With loneliness a health risk, what can remote workers do to boost team spirit?
The answer could lie at an American software company built around a remote, autistic workforce, and the solutions are simpler than you’d think
Working remotely has many benefits: no commute, fewer distractions from colleagues, comfier clothes. However, it also has one major draw – working outside of your normal team environment can feel isolating and lonely.
A Gallup study of remote workers last year asked 1,900 professionals who work alone what the biggest challenge was, and 21% said loneliness. With many companies planning to permanently shut offices following the pandemic, the question arises as to how we can continue to work remotely but reduce the feeling of isolation.
Really this is a question for those at the top of companies, as combatting the loneliness of remote working isn’t solved easily by individual changes but by strategic policies.
One company that has successfully hit upon an inclusivity-boosting formula is an American software firm called Ultranauts, which has had a mostly remote workforce since its launch in 2013. The reason it is so ahead of the curve with staff inclusion is because 75% of its workforce is on the autism spectrum. To get the best out of autistic employees, it has developed a gentle system of working that cares for individual needs, making sure everyone feels valued and supported.
Some such practical strategies include transparency at the top level of management, with all employees able to access decision-making outcomes via Slack, and a straight-forward corporate culture with “no unwritten rules” that could leave metaphorical trip hazards for staff. Others include checking in with employees each day, using a bot, to ask about how they feel that day – do they feel able to interact with others, what is their energy like, do they wish to submit feedback to management about any issues?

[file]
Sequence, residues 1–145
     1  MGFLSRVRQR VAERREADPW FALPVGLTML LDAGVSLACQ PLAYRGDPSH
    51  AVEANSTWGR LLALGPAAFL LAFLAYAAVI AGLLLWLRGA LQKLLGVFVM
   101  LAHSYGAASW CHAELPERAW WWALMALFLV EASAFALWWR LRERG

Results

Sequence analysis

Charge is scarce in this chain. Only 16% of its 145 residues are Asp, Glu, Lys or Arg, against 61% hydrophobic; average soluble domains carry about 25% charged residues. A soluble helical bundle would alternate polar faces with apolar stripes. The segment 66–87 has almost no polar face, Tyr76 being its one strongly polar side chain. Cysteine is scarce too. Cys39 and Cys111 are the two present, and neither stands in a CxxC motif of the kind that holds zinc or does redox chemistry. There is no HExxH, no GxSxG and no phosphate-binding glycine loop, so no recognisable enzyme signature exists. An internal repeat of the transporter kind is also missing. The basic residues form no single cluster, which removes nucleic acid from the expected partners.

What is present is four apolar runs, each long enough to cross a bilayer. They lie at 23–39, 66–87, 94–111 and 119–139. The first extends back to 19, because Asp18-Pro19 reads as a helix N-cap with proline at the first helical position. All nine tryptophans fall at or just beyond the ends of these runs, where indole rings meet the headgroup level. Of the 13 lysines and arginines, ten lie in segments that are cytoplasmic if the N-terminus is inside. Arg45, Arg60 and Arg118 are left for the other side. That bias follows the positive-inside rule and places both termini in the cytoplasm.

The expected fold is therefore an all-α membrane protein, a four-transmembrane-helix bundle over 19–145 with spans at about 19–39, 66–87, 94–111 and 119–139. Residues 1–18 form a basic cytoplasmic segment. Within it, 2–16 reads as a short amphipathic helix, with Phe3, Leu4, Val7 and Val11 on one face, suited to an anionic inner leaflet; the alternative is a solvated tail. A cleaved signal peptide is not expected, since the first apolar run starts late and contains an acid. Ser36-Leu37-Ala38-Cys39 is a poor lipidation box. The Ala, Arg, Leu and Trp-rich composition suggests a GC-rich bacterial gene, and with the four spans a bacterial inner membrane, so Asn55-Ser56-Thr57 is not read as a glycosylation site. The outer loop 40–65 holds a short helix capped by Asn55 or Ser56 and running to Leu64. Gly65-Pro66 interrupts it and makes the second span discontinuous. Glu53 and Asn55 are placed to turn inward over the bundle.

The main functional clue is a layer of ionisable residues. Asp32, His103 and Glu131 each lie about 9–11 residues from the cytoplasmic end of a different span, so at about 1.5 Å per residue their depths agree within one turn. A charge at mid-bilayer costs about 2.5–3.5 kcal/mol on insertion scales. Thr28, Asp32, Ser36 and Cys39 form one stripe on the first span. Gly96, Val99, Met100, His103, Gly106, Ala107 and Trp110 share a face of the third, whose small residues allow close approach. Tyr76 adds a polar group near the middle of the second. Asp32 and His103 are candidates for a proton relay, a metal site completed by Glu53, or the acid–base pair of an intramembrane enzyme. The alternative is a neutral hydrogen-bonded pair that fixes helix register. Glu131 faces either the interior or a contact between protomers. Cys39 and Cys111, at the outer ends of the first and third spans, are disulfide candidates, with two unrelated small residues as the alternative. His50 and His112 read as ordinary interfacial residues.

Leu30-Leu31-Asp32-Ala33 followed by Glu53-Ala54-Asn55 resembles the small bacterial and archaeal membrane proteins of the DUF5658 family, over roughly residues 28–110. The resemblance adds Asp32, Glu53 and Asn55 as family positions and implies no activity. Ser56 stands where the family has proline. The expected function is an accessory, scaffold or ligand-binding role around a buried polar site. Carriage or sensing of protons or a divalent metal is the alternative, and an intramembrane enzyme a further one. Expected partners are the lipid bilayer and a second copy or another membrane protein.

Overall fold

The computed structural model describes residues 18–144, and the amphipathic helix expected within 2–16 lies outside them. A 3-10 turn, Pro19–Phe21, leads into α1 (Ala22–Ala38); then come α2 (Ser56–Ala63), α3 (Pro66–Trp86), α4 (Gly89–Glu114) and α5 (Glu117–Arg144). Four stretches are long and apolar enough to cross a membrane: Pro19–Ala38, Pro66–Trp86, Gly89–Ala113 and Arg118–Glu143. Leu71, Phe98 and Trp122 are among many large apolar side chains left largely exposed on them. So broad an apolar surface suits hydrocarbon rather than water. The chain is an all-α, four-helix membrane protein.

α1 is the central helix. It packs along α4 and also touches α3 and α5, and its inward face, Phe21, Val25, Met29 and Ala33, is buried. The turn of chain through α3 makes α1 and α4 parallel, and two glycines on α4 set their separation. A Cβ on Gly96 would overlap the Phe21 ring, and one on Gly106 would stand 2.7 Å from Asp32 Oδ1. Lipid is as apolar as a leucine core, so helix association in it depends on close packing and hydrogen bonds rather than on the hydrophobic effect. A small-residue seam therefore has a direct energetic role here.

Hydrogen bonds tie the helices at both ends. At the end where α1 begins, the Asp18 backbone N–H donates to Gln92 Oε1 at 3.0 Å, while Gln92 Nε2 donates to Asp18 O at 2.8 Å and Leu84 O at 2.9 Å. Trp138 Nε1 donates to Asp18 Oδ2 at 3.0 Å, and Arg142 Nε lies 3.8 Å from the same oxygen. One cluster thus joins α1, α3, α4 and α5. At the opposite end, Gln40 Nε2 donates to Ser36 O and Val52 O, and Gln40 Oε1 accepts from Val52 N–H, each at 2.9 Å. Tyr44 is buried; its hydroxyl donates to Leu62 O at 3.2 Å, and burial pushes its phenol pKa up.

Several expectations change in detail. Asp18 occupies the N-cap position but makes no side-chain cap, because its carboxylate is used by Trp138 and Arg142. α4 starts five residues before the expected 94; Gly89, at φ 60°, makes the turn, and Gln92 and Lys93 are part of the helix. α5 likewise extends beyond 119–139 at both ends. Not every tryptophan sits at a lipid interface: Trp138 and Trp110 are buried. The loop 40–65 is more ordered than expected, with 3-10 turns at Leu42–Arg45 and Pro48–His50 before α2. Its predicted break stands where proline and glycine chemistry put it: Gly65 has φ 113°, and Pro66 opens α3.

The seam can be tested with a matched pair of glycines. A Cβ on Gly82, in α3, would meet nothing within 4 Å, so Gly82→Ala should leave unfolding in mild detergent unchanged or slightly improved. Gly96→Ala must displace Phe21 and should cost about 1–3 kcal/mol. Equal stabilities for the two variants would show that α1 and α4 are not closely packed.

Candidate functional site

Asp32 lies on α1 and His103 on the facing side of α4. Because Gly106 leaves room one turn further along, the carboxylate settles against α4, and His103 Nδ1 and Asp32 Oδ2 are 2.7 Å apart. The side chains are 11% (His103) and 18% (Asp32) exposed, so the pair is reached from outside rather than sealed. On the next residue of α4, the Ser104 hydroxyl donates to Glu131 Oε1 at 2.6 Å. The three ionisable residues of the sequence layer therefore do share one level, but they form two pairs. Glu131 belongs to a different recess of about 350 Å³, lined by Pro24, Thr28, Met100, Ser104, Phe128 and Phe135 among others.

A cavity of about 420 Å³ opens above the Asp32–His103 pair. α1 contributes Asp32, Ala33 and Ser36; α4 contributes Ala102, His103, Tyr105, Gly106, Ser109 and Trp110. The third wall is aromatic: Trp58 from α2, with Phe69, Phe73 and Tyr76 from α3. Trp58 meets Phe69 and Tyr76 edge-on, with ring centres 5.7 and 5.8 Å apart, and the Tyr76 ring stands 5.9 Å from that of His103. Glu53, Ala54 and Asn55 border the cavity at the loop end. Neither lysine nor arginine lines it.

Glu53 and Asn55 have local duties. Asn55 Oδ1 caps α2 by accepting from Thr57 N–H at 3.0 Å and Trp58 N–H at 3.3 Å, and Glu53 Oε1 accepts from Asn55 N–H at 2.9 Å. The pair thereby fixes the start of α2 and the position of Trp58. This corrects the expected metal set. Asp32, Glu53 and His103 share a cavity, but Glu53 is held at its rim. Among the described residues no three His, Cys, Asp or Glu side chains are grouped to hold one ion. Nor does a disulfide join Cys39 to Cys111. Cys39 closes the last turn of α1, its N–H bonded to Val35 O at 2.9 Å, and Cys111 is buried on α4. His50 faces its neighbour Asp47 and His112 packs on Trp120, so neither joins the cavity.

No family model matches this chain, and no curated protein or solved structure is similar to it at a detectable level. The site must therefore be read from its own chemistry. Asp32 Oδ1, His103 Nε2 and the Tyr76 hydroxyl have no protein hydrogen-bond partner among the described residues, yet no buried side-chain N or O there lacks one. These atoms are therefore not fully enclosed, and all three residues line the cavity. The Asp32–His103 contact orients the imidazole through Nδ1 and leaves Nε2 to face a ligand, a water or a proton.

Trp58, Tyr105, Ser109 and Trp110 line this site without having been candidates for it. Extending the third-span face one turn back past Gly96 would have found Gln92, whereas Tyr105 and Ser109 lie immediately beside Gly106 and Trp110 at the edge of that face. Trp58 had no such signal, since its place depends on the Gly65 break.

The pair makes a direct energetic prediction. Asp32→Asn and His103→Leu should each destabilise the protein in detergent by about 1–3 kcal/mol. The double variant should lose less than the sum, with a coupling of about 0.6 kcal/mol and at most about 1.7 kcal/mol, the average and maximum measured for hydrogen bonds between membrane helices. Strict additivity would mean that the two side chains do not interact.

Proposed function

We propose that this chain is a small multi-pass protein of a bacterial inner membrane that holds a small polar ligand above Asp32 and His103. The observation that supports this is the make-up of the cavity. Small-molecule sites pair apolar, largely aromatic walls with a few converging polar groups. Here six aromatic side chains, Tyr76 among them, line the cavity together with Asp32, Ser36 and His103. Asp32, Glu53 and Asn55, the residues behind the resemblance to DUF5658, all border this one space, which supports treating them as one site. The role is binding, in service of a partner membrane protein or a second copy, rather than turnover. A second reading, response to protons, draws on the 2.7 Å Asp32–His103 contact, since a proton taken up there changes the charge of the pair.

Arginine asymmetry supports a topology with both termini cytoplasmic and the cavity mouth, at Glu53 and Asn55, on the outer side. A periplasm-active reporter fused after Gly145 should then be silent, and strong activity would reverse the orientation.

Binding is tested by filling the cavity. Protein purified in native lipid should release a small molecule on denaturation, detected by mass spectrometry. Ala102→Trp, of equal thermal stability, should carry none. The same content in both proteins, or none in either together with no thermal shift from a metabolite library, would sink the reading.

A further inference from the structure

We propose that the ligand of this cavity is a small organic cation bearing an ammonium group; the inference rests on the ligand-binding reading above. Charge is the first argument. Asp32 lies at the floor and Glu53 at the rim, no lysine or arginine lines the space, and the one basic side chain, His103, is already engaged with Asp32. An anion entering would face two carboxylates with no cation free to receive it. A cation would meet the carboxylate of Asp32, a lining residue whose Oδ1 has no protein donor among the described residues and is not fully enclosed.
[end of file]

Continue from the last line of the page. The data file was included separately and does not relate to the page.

Though this person-focused structure has been designed to work around the aspects of traditional corporate culture that can cause highly skilled but socially vulnerable autistic professionals to falter, it is a great roadmap for fostering inclusivity in all kinds of teams.
For those working within organisations yet to develop robust inclusion strategies, there are small steps you can take personally to reduce the loneliness of remote working. Business and career coach Ashley Stahl suggests swapping the home office for a co-working space. Studies have shown that 89% of remote workers reported feeling happier after joining a co-working space.
Stahl also suggests getting as much face time as possible with your co-workers, be it in person or virtual. Interacting via video calls rather than emails can have a positive impact on productivity and relationships, she says, and where possible try to meet up with colleagues face to face, even if only a few times a year.
With loneliness as detrimental to our health as smoking 15 cigarettes a day, it is important to do what we can do foster the connectivity of the workplace team spirit, regardless of where we physically find ourselves working.